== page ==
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Nokia N900 Defective Cell Mobile Phones Fail Reboot

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The new Nokia N900 3G cell phone availability is still limited, with working devices more limited yet. Fail, fail, fail. Customers buying the N900 mobile phone may just find their "new internet tablet" not working.
With two Linux Nokia N900s in hand, only one of the two mobile phones works with the other not functioning at all. That puts personal odds of a functioning N900 at 50%; reports of the number of non-functioniong Nokia N900 devices is roughly 10%. Customers buying the internet tablet that can supposedly run multiple applications at once, a device touted as the latest and greatest cell phone device by Nokia, is proving to be not working or defective for some customers. Even without additional applications  being added to the N900 cell, reported problems include that the phone reboots randomly, that the phone doesn't boot at all, that microphone problems rendering the N900 defective, and that the Carl Zeiss camera triggers problems or causes Operation Failed error messages.
As to the constant N900 reboot cycle that so many customers are caught in, Nokia technical apparently doesn't know what the problem is. And if the manufacturer doesn't know the problem source, a fix probably isn't on its way anytime soon.
The one defective Nokia N900 phone personally on hand, a Christmas gift that turned out to be wrought with anxiety, was DOA from Amazon. The device returns repeated and unexplained Operation Failed messages, apparently triggered through first use of the camera feature. The N900 cell phone first booted fine, showing a beautiful high-resolution display. Nokia, after all, raves about its supreme resolution that is double that of the latest iPhone. That part is true, the display is beautiful, for as long as you can keep the phone functioning and on. The excitement of seeing the N900 live was short-lived.
The Operation Failed error message was first returned on the camera's first use. Touting a Carl Zeiss 5 mega-pixel camera, the N900's gift recipient was eager to try its camera with the superior lens used by Sony for years. After the first click cam nothing. Nothing, that is, but an error. Instead of the photo saving, the N900 cell immediately returned an Operation Failed message. A second photo was snapped, with the hope that an unneeded flash or other camera feature had inadvertently caused the error. But, alas, no go. Even for photos not requiring any flash use, the camera would fail.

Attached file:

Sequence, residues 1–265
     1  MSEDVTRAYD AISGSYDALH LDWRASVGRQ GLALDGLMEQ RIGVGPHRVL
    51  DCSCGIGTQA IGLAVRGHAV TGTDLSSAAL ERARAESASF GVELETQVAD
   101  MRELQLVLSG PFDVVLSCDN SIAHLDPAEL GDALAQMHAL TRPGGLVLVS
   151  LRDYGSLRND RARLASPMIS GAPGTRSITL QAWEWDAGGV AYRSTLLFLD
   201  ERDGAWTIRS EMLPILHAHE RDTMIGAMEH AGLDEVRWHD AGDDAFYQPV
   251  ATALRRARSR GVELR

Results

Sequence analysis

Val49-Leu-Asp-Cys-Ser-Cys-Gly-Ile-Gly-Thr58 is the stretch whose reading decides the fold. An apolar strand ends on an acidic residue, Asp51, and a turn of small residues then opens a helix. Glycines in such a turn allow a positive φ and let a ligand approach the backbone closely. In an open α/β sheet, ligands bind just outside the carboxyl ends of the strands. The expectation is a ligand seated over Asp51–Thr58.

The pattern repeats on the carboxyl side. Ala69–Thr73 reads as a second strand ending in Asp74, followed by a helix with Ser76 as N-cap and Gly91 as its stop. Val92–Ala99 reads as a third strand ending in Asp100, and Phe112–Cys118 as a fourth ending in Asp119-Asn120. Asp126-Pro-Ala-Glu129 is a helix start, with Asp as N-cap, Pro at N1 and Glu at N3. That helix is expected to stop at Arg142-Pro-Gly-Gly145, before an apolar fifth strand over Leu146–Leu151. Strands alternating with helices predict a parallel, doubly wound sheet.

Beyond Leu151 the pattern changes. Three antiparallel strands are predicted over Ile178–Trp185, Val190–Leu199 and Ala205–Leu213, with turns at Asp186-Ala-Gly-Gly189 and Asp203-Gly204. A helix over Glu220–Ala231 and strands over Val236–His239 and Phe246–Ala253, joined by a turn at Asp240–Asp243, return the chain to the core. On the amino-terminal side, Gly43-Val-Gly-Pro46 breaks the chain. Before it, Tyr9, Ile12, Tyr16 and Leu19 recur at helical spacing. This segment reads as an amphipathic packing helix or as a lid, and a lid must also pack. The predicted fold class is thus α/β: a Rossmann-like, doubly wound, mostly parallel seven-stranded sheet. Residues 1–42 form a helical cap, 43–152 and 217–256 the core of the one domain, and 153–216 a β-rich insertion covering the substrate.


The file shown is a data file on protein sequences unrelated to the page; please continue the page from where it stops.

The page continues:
After the camera problem started, the N900 was miserable and not working right. Built like a computer, tagged an internet tablet, it seemed the only option was to utilize troubleshooting used for the larger versions. When all else fails, reboot. But that didn't work either. Upon rebooting the N900 "Internet Table", the same Operation Failed message continued to be displayed. On the third photo, the N900 entirely freezes. Multiple reboots has not positive effect or change. And beware: flashing the defective N900 does not fix or correct the Operation Failed camera error and, for some customers, has been known to cause even more severe problems of entire inoperability for the device.
There have been conflicted reports from Nokia N900 cell phone customers buying the phone, concerning the optional Micro SD card that can be added as external memory. While customers receiving defective N900 phones have been actively troubleshooting the source(s) of the problems, there has been online speculation as to whether the additional memory card could be causing error or Operation Failed messages. Customer discussion concerning Read-only memory and the N900 has some wondering whether the Micro SD memory could be a source of problems. It's hard to tell, since Nokia's N900 seems wrought with so many issues, troubleshooting the exact source is difficult.
After receiving the Operation Failed message following the N900's camera use, a Micro SD card had been inserted, so the memory was removed and checked while trying to troubleshoot. Apparently the N900 device accesses external memory first, before internal memory. Troubleshooting attempts included removing and reinserting the memory, then removing memory in entirety. After removing the Micro SD card, which had always performed perfectly previously, then rebooting the N900, the Zeiss camera function continued to return Operation Failed errors. On reboot without any Micro SD card, the only difference seemed to be that the Nokia N900 would sometimes boot more normally or at least with entirely freezing. The N900's camera problem may be compounded by Micro SD cards, it's hard to know for sure. It could be that presence of the additional external memory throws the cell phone over the edge in terms of function.